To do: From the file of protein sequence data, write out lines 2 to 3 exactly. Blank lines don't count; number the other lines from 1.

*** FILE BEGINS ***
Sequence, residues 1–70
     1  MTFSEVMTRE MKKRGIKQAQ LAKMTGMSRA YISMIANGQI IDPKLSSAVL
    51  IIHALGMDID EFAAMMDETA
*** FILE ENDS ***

     1  MTFSEVMTRE MKKRGIKQAQ LAKMTGMSRA YISMIANGQI IDPKLSSAVL
    51  IIHALGMDID EFAAMMDETA